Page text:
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Latest Housing Boom Sparks Big Question: When Will It End?


Not long ago, this country had a massive housing crash that helped usher in a financial crisis. But home prices have rebounded big time. In fact, right now we're seeing one of the biggest housing booms in U.S. history. Planet Money's Greg Rosalsky has this story.

GREG ROSALSKY, BYLINE: It's a picture-perfect day in early May. Real estate agent Kathleen Galano shows her client, Janet Schneck, a brick duplex on a tree-lined street in Fort Monmouth, N.J.

KATHLEEN GALANO: Janet, look at the view.

JANET SCHNECK: I know. That is key. And all the trees - this is very nice.

ROSALSKY: The two check out a remodeled kitchen, a master bedroom with a walk-in closet and a pretty backyard. They take extra time to inspect the fireplace.

GALANO: Everybody wants a fireplace.

SCHNECK: It just adds charm, and it's good in the winter - Irish coffees and a fireplace.


SCHNECK: Can't get better than that.

ROSALSKY: Janet and her husband have lived in Monmouth County since 1997. Now in their 50s, they're empty-nesters.

SCHNECK: My daughter currently lives in Austin, Texas. And my son is a first lieutenant in the Army.

ROSALSKY: This isn't the first time Janet and her family have worked with Kathleen. She's helped them every time they've bought or sold a home.

SCHNECK: Kathleen has been my agent the whole way. Yes.

GALANO: Every single time, yes.

ROSALSKY: Kathleen, also in her 50s, used to work on Wall Street. And after having kids, she got into the real estate business back in 2003. That was right in the heart of the biggest housing boom in American history.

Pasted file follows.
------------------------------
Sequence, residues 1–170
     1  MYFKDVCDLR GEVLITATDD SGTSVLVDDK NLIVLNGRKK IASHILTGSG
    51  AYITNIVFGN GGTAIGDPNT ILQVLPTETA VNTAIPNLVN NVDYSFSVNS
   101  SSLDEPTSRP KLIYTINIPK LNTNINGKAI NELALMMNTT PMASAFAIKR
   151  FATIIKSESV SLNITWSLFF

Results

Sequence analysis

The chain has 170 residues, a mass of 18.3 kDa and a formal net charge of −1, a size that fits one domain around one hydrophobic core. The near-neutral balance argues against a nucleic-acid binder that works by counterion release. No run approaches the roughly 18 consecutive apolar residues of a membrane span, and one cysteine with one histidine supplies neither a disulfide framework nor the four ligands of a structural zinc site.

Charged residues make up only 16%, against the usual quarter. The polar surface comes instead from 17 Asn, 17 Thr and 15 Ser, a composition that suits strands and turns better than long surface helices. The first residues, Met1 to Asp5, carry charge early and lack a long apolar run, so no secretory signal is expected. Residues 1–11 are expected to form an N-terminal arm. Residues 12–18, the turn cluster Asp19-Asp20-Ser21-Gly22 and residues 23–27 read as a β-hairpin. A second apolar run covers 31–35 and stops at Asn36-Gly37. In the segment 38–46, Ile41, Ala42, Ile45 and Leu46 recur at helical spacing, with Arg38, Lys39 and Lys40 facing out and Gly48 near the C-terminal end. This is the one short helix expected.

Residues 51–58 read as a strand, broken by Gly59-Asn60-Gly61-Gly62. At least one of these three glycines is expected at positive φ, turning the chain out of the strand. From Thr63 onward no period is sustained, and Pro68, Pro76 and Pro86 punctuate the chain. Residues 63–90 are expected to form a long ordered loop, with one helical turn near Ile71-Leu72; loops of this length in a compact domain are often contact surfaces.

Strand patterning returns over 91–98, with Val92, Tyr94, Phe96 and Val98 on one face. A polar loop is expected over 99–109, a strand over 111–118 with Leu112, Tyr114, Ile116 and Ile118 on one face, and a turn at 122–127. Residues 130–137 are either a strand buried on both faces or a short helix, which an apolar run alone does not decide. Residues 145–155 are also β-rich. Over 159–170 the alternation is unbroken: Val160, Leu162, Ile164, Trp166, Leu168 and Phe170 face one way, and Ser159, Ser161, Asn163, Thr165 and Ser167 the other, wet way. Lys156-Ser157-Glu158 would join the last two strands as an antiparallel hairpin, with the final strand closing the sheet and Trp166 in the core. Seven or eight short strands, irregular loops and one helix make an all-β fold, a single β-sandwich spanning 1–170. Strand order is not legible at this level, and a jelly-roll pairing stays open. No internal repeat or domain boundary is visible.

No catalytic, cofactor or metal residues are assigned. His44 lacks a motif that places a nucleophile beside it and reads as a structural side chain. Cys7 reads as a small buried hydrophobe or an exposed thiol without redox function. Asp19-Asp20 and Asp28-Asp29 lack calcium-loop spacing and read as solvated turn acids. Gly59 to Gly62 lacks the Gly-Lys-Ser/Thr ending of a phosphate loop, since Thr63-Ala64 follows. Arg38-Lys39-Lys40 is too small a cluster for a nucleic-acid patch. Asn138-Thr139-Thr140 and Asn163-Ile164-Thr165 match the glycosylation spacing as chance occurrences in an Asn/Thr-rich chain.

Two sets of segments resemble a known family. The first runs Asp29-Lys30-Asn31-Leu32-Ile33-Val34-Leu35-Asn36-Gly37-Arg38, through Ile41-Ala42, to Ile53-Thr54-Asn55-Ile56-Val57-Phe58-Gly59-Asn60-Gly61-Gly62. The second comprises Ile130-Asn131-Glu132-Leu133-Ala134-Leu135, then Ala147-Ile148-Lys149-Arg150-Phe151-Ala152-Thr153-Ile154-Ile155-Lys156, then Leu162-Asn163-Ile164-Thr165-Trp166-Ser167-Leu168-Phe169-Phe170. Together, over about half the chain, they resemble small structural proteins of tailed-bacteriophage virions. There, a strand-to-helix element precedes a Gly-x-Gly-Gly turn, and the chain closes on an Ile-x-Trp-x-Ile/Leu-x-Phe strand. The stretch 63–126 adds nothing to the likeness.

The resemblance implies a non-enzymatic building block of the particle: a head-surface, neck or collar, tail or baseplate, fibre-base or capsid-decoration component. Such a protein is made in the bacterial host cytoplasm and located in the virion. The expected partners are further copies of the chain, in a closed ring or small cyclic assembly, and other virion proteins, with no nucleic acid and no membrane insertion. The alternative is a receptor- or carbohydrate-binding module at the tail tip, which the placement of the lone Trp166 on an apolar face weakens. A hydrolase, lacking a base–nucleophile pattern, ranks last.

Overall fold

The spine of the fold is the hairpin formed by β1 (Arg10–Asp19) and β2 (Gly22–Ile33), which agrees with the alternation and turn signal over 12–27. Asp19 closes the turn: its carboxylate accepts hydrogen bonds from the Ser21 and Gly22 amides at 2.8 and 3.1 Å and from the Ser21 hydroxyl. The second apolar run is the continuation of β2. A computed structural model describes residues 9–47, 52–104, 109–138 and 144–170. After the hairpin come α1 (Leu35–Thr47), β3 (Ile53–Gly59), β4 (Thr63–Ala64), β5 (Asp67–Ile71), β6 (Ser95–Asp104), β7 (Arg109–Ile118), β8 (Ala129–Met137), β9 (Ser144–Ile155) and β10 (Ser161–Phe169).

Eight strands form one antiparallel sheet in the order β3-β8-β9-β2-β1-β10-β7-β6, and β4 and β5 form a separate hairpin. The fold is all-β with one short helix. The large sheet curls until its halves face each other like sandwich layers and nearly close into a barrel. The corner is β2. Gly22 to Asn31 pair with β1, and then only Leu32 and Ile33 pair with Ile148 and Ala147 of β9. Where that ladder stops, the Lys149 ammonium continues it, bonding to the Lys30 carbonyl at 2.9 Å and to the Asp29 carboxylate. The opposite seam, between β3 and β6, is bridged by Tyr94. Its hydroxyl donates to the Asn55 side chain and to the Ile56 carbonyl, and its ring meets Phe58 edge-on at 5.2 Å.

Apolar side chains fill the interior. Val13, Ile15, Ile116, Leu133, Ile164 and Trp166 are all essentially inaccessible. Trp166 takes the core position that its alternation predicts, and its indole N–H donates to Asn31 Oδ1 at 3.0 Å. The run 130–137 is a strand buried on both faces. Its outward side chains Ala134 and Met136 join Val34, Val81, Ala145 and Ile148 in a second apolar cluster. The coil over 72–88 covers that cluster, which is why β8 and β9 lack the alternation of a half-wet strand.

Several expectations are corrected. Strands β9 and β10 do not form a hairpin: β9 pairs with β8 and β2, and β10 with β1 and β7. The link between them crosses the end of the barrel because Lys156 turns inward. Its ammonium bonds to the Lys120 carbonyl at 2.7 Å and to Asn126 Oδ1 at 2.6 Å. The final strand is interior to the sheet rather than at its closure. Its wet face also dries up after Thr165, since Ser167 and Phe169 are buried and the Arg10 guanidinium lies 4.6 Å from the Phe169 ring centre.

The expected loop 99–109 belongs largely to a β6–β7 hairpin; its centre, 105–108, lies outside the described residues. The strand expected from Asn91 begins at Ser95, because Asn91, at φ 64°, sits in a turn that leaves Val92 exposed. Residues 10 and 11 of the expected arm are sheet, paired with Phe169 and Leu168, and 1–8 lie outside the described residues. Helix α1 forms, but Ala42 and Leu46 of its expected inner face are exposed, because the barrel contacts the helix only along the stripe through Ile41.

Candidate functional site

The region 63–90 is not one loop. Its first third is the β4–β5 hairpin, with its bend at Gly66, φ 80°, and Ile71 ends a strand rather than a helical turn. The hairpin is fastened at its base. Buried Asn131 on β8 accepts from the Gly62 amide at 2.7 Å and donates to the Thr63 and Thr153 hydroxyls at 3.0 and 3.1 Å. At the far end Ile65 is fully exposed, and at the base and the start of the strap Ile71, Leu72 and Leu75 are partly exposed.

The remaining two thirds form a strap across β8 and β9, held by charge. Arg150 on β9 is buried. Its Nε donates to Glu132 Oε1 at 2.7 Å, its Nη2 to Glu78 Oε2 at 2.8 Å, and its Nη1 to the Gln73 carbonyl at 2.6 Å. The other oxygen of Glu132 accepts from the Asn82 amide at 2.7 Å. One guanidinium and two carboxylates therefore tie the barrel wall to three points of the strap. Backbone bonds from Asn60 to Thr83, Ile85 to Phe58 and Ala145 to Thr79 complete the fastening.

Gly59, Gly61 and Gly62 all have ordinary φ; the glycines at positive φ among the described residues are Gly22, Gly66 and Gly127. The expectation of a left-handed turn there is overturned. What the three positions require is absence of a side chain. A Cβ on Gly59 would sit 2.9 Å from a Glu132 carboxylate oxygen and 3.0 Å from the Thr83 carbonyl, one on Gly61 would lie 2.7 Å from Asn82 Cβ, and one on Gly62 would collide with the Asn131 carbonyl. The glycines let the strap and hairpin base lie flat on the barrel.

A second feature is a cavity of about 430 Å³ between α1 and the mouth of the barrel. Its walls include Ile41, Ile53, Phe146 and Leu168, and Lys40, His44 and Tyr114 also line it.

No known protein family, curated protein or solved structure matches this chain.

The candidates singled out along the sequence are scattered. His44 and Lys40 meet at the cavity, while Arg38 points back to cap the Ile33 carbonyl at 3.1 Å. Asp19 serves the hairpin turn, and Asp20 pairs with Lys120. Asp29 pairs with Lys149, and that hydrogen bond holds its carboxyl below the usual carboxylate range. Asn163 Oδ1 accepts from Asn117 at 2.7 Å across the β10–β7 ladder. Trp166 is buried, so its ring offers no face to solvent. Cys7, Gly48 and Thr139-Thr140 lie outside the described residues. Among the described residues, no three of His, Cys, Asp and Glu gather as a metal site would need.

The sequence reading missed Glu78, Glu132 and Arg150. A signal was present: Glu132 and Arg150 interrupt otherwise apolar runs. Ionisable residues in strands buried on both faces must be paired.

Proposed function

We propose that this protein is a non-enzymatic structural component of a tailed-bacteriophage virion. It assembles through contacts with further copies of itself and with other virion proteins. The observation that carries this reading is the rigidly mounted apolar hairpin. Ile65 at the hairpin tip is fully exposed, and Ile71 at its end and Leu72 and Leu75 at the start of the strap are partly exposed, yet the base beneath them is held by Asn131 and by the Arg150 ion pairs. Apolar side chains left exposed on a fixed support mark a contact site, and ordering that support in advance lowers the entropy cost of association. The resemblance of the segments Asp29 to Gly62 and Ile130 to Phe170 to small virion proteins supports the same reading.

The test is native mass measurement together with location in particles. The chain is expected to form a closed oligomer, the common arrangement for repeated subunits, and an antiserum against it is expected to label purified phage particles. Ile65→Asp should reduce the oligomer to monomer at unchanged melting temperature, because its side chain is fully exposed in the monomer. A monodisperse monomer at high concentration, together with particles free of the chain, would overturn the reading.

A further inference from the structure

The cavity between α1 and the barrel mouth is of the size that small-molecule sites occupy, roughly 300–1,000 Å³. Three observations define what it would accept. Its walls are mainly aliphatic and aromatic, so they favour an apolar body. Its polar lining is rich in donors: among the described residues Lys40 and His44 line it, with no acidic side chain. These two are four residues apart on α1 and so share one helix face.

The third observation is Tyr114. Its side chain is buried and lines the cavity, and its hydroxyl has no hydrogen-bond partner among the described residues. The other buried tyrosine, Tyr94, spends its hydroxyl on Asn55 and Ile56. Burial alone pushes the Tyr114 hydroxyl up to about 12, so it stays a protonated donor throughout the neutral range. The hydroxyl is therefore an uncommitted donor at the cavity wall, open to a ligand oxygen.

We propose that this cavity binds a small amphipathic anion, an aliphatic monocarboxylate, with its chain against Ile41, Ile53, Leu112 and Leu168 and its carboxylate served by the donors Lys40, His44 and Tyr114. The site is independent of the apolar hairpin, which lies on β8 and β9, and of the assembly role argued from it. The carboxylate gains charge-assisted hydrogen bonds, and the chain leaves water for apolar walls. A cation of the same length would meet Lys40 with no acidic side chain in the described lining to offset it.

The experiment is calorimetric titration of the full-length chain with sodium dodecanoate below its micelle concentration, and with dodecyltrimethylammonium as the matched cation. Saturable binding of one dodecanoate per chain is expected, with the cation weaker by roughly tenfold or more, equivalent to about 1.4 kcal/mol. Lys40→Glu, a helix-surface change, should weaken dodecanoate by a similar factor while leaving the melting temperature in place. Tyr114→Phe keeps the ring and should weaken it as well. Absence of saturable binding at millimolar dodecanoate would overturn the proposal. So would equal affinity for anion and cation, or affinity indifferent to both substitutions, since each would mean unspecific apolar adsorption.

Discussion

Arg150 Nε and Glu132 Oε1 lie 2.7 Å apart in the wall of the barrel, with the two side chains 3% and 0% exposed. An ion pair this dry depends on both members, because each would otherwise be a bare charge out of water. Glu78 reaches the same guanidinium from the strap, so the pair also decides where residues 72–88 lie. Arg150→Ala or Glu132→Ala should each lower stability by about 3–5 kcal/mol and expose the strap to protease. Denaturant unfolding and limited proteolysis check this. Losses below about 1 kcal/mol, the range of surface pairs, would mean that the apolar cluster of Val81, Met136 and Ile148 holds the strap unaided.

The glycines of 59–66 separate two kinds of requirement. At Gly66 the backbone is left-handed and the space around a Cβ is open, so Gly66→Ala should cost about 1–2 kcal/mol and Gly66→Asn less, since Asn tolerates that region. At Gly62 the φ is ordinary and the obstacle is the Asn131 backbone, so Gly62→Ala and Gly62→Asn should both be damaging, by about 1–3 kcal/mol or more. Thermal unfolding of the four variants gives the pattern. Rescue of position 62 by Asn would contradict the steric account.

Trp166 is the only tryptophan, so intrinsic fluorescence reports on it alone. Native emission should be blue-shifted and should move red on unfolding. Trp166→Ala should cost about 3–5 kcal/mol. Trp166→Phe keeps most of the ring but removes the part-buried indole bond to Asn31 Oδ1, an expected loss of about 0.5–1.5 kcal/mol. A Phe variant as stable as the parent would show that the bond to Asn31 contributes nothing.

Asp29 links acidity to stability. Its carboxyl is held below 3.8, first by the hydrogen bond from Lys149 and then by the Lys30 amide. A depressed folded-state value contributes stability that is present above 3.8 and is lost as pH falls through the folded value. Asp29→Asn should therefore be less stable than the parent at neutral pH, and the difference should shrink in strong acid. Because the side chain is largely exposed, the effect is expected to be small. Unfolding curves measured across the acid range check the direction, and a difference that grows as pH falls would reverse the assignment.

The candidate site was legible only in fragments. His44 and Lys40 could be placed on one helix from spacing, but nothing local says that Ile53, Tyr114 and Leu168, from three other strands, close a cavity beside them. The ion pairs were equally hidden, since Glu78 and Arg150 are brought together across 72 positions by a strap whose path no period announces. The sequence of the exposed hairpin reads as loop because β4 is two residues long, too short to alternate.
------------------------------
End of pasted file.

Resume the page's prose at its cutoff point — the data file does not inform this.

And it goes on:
GALANO: When I began my career, it was right on the upswing. Then, of course, the whole bust came, and then the market just slid down. As a real estate agent, you just have to learn how to navigate a buyer's market versus a seller's market.

ROSALSKY: And right now it's clearly good to be selling a house. Since home prices hit their bottom after the crash, we've seen one of the biggest housing booms in U.S. history.

SKYLAR OLSEN: In the U.S., since 2012, home values have increased over 50%. That's a huge increase.

ROSALSKY: That's Skylar Olsen, the director of economic research at Zillow. She says this increase in home values has been driven by an explosion in demand. This demand has been fueled by low interest rates, an improving economy.

OLSEN: And also just a very, very significantly sized demographic wave of people entering their early 30s.

ROSALSKY: In other words, millennials are now starting to buy their first homes, so demand has surged. What about supply? Olsen says not so much. One reason, she says, is that many baby boomers aren't downsizing and selling their homes to these millennials. The other - housing construction has been slow.

OLSEN: So we're not building very quickly at all, despite, you know, this demand boom.

ROSALSKY: Prices have now climbed all the way back up to around their historical peaks before the housing crash, which raises the question, are we in another bubble? Olsen doesn't think so. She says this boom isn't like the last one.

OLSEN: The previous bubble was driven by excess credit.

ROSALSKY: Remember those things called subprime mortgages, where banks gave big loans to people who couldn't pay them back? This current boom isn't driven by that.

OLSEN: This price dynamic is driven more by fundamentals.

ROSALSKY: Meaning lots of eager buyers and not enough homes for sale - this boom has already ended in places like San Jose, San Francisco and Seattle, which have all seen home prices fall over the last year. There it's ending not with a pop and a crash but with a gentle deflation. Olsen believes that's a good sign for everywhere else.

But I also spoke with Robert Shiller. He's a Nobel Prize-winning behavioral economist at Yale. And he's famous for predicting both the dot-com and housing crashes last decade. Is he concerned that this is a bubble?

ROBERT SHILLER: I think we should be concerned.

ROSALSKY: Shiller says look back at history. All those past housing booms...

SHILLER: They all came to an end.

ROSALSKY: His research shows that over the long run, home prices don't increase very much once you factor in inflation. They go up, but they always come back down. And with the housing market already showing signs of weakness, he says, another turning point could already be here.

Greg Rosalsky, NPR News.


Since 2018, Greg Rosalsky has been a writer and reporter at NPR's Planet Money.